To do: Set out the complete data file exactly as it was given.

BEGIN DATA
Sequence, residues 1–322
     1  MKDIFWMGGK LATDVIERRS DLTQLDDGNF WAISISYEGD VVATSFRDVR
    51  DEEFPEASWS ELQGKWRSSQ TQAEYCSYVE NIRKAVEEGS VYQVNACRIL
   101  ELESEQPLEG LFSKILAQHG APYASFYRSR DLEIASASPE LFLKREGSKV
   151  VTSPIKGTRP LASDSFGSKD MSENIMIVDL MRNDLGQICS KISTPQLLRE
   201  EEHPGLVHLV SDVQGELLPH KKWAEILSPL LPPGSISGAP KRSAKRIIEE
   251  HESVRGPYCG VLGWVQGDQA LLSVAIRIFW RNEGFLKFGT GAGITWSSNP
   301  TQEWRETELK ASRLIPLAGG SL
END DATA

Sequence, residues 1–322
     1  MKDIFWMGGK LATDVIERRS DLTQLDDGNF WAISISYEGD VVATSFRDVR
    51  DEEFPEASWS ELQGKWRSSQ TQAEYCSYVE NIRKAVEEGS VYQVNACRIL
   101  ELESEQPLEG LFSKILAQHG APYASFYRSR DLEIASASPE LFLKREGSKV
   151  VTSPIKGTRP LASDSFGSKD MSENIMIVDL MRNDLGQICS KISTPQLLRE
   201  EEHPGLVHLV SDVQGELLPH KKWAEILSPL LPPGSISGAP KRSAKRIIEE
   251  HESVRGPYCG VLGWVQGDQA LLSVAIRIFW RNEGFLKFGT GAGITWSSNP
   301  TQEWRETELK ASRLIPLAGG SL